CHARLESTON, S.C. (WCBD) – Several state lawmakers are pushing for Hate Crime legislation to pass in the Senate this year. South Carolina is one of only two in the country to not have the law.

With devastating hate crime impacting South Carolinians, State Representative Wendell Gilliard says it’s important this year to make sure the bill passes.

“We owe that to Mother Emanuel, to the people of Charleston, and to the people of South Carolina. This bill must become law,” said Gilliard.

The “Clementa Pinckney Hate Crime Law” is named after the late state senator and pastor who was killed along with eight other people during the Charleston Church Shooting when a white supremacist entered Mother Emanuel during bible study and opened fire.

The shooter was charged federally with a hate crime, but that law does not exist in South Carolina. State Rep. Gilliard says he is pushing to change that.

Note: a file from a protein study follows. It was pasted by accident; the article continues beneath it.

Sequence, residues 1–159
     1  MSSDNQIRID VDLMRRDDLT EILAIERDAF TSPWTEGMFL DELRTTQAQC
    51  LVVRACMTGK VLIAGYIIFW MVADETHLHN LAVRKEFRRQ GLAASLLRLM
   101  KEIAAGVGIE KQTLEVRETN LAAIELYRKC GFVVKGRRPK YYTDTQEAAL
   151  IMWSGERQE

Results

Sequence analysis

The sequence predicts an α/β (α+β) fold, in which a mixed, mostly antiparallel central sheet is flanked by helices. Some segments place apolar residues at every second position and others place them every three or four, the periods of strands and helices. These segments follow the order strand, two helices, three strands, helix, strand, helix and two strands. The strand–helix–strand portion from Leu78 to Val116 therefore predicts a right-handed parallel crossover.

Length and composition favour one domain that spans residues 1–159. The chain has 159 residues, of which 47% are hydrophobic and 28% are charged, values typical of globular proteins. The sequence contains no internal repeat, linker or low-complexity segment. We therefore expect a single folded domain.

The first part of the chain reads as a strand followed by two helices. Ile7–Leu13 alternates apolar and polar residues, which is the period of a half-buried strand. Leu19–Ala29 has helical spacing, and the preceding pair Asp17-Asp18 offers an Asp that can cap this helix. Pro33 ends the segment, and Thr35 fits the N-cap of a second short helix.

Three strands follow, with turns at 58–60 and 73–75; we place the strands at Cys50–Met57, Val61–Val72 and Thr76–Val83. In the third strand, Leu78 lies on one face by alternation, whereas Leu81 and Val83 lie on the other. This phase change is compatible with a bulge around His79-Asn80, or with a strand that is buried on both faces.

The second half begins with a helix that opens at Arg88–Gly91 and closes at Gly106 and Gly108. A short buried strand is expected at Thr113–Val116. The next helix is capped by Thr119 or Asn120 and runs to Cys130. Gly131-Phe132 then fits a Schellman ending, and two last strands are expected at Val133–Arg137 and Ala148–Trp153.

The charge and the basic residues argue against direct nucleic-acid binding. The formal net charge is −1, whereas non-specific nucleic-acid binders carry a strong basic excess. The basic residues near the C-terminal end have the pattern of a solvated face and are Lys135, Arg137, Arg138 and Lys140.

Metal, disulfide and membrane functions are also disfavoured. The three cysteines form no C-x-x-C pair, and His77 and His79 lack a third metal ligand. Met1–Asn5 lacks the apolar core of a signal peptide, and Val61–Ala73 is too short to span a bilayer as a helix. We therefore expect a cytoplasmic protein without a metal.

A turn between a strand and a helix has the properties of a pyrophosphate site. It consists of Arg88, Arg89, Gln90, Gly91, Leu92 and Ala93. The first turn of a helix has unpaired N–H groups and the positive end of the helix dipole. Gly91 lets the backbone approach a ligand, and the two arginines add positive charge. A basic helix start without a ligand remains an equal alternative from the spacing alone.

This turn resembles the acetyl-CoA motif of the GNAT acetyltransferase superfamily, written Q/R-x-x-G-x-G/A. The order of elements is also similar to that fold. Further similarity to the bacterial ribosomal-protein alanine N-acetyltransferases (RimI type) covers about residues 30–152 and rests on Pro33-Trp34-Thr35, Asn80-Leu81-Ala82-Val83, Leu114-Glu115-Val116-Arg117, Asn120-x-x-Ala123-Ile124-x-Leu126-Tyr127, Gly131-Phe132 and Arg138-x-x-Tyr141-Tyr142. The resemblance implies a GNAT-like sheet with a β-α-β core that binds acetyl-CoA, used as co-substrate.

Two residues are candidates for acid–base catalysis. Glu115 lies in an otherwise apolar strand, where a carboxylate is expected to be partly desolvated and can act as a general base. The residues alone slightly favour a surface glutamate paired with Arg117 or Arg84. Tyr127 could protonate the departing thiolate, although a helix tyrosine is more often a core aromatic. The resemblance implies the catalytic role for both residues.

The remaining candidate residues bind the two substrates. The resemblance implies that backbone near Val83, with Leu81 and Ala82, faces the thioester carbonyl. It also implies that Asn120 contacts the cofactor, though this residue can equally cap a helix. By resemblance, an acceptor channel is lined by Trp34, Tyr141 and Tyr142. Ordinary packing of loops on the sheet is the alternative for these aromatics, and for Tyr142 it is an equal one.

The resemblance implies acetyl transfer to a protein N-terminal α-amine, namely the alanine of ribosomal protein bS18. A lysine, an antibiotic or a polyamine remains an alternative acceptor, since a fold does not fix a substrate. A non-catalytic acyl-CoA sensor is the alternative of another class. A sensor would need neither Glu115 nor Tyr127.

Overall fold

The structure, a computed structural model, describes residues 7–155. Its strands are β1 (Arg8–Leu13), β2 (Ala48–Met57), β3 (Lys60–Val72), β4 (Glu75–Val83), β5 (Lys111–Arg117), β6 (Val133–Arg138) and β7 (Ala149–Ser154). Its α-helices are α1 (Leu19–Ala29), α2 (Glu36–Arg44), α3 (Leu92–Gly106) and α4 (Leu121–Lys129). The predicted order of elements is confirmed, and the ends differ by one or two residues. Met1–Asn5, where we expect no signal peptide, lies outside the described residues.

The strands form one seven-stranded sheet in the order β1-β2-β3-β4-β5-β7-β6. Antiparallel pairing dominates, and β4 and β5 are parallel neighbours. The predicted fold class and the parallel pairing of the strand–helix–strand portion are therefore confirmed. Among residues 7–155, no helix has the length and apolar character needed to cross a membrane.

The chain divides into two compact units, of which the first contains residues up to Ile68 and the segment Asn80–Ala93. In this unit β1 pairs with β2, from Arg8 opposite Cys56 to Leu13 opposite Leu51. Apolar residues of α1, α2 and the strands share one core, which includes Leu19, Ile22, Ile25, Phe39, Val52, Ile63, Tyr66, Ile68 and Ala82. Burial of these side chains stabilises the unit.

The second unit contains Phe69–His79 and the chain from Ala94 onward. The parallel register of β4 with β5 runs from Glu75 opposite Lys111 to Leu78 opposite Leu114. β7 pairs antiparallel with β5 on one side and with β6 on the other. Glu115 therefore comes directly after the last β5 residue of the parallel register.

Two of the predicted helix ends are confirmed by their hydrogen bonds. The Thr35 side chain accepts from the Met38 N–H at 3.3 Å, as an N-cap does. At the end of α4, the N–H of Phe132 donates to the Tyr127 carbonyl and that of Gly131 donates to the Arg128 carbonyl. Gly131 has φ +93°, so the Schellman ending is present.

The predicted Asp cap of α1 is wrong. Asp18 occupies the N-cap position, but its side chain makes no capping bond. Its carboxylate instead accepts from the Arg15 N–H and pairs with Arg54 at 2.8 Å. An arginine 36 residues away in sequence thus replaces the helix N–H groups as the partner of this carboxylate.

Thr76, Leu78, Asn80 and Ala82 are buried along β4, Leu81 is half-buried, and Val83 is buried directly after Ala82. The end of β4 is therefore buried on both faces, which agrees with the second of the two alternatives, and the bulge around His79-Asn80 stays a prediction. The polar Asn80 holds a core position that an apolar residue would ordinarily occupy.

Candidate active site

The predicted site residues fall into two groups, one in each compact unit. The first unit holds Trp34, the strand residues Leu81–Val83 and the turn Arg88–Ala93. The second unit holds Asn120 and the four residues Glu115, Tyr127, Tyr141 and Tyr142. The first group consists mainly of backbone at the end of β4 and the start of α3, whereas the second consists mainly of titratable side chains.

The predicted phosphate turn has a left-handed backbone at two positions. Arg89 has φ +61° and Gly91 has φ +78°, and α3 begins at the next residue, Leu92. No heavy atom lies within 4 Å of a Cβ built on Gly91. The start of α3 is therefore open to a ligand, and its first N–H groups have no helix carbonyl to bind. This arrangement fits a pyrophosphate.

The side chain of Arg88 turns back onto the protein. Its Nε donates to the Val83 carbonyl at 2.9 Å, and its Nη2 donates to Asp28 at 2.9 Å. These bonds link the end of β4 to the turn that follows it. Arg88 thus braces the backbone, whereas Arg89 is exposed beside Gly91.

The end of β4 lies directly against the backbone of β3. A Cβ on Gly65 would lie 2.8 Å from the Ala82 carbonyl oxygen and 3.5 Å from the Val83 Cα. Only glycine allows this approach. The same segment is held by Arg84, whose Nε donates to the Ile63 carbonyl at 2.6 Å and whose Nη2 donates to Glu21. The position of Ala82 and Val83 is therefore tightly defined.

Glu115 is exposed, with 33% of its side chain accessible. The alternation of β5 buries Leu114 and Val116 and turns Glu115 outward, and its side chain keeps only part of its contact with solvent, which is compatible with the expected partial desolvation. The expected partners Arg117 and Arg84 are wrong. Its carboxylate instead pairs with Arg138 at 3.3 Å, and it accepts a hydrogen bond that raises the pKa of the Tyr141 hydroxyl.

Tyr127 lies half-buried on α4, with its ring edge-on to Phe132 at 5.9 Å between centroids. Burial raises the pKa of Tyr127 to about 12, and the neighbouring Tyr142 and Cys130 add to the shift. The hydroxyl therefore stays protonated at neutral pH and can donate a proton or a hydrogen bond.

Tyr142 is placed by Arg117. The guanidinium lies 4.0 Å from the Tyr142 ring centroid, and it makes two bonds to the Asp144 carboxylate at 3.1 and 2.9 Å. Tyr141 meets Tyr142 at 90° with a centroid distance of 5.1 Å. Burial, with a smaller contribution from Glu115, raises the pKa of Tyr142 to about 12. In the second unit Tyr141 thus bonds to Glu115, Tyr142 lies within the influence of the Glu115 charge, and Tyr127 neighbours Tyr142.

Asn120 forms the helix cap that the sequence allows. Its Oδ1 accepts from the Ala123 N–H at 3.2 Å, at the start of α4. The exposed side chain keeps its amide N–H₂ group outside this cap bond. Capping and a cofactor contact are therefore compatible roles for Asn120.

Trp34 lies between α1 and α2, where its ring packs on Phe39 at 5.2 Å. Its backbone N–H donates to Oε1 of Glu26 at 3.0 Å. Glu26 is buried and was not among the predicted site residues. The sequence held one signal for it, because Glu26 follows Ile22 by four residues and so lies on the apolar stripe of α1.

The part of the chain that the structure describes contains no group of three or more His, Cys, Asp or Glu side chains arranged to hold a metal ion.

“They need to spend more time in jail, they need to pay more money, and the message needs to be stronger,” says Gilliard.

In 2021 the bill passed with bipartisan support by the South Carolina House of Representatives but stalled in the state senate.

“With that legislative process going through the house and the senate, by the time we got there, we cut the session. It, fortunately, made it to the Senate calendar,” says Gilliard.

Gilliard believes that the passing of the bill would better equip South Carolina lawmakers to handle these kinds of cases.

“By having a state hate crime bill, we can expedite the cases better,” he says.

Gilliard is hopeful that state lawmakers will come together and pass the legislation to move South Carolina forward.

“We can go ahead and make progress. We can create dialogue and learn to respect anybody’s right as a human being to live on this earth,” he says.

The bill has passed the senate subcommittee, but it must pass a full Senate vote before it can be ratified and signed into law by Governor Henry McMaster.